Static holds, pauses, isometrics... whatever you want to call them, are an essential part of any athlete's programme. The problem is, no one does them!
Well, they're disgusting, I guess, and nobody likes to step past that comfort zone. The problem is is that the lack of isometrics in your programme might be what is holding you back.
During the early stages of a lifter's development, exercise selection is easy. Once you have identified an area of weakness (whether that be physical weakness or technical), you can simply break that movement down and isolate that portion of the movement. Prioritising the improvement of that part of the puzzle by spending more time there will certainly help, but nothing works better than isometrics.
A common problem is that lifters allow their hips to rise early in the first pull, thus resulting in the chest to fall and they then pull with their back. Try placing more weight on the bar than what you can pull, set up correctly using the check-list below, and push the ground away from you... hard! It's going to hurt, a lot, but it'll be worth it I assure you.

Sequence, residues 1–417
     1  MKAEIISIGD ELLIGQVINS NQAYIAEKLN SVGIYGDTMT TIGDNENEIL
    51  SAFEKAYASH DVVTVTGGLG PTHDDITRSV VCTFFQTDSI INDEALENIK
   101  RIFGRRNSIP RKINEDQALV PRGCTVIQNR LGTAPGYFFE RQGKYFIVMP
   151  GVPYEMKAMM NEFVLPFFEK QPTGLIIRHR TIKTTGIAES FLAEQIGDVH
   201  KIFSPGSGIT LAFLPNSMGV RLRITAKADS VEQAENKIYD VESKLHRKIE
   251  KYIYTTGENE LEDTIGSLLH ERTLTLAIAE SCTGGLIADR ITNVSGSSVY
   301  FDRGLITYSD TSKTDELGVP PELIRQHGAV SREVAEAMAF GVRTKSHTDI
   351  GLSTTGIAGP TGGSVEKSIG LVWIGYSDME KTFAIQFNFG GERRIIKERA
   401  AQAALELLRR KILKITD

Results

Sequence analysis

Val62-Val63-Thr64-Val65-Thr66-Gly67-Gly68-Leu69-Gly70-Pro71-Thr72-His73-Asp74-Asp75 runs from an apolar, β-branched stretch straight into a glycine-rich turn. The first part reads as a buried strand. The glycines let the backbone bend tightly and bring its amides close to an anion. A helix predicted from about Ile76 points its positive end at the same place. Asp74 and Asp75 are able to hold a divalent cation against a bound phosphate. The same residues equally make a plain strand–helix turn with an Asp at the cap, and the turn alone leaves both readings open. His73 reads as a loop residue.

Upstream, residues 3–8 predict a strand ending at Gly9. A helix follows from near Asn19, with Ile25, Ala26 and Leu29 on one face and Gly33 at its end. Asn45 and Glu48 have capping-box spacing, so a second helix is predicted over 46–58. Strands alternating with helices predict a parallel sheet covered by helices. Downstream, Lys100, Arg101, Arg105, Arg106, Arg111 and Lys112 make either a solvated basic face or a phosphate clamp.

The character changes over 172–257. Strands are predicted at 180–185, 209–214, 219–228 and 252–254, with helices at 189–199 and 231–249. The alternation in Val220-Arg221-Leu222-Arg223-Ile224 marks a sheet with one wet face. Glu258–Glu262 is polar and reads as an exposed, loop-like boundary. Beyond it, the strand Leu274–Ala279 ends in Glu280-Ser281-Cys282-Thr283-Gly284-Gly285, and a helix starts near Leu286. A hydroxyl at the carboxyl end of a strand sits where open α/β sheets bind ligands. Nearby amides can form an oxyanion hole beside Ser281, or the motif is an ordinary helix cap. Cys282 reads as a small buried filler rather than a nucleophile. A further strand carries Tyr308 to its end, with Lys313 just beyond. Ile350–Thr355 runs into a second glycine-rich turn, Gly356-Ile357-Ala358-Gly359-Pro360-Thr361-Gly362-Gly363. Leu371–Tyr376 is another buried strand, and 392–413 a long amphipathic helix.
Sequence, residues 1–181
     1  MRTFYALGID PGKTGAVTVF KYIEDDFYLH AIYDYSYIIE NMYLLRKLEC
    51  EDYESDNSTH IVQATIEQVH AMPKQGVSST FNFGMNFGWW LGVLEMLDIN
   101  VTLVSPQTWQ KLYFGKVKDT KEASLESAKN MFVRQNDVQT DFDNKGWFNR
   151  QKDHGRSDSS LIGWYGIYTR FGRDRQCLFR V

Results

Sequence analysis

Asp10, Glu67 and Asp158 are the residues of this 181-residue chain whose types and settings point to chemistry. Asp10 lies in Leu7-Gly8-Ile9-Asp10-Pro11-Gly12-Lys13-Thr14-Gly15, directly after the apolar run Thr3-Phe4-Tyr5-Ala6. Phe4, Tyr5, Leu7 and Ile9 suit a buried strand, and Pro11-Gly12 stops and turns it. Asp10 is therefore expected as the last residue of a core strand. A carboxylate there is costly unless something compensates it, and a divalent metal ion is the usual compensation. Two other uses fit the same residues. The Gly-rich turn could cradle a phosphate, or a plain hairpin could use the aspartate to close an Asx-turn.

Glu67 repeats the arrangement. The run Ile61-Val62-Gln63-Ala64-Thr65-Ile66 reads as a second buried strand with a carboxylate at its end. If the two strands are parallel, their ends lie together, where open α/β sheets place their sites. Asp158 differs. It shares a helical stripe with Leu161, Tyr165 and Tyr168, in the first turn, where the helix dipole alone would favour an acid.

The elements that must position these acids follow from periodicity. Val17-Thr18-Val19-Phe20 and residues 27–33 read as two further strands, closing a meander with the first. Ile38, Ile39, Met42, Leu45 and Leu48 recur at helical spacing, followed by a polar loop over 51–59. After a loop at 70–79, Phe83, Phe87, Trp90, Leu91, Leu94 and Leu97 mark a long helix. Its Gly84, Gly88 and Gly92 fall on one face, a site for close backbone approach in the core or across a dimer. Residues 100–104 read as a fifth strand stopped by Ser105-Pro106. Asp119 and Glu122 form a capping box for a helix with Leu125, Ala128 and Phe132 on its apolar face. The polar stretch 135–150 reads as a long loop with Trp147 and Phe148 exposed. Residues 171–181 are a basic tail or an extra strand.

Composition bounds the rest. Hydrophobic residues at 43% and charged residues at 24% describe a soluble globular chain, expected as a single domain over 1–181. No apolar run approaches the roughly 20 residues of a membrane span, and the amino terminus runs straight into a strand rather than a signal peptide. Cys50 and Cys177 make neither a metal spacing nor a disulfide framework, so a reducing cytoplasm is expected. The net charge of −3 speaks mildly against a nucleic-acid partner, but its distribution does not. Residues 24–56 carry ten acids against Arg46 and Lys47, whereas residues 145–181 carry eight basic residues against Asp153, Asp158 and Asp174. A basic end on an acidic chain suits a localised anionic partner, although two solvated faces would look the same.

Weight distributed slightly in front of the mid-foot
Knees in front of the bar
Hips slightly higher than the knees
Back flat, better still, arched and tight
Shoulders directly above the bar
Shoulders internally rotated so that the elbows point upwards
Ensure that your position does not change, at all, when you initiate the static pull. You should feel it in your quads and little anywhere else. If you do, theres a good chance that your set up is wrong. Continue to pull (push the floor away from you) as hard as you possibly can for at least 10 seconds.
You'll hate me now, but you'll thank me in a few weeks!
Try it and let me know what you think :-)